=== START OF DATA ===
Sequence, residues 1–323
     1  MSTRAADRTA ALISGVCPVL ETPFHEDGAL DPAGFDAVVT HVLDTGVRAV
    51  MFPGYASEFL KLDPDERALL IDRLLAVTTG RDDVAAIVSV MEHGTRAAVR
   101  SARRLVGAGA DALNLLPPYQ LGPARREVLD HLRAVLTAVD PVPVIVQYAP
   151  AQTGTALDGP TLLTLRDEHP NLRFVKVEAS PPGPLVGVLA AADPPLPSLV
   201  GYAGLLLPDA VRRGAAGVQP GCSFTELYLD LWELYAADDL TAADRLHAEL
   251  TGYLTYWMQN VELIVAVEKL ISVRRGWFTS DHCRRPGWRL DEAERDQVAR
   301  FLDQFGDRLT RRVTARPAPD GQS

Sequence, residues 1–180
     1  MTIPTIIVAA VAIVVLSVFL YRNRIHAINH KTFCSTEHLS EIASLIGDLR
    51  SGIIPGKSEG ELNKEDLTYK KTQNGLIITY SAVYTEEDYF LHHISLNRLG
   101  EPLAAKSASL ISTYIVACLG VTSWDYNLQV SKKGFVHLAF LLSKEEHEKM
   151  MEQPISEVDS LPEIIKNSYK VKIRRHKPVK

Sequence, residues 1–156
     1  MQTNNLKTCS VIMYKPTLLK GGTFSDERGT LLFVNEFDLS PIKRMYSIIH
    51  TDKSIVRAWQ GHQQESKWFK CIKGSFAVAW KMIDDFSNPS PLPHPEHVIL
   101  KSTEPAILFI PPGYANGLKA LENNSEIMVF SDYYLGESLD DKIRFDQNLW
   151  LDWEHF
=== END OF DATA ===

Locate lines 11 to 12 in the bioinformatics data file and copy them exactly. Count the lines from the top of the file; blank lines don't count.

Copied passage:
    51  SGIIPGKSEG ELNKEDLTYK KTQNGLIITY SAVYTEEDYF LHHISLNRLG
   101  EPLAAKSASL ISTYIVACLG VTSWDYNLQV SKKGFVHLAF LLSKEEHEKM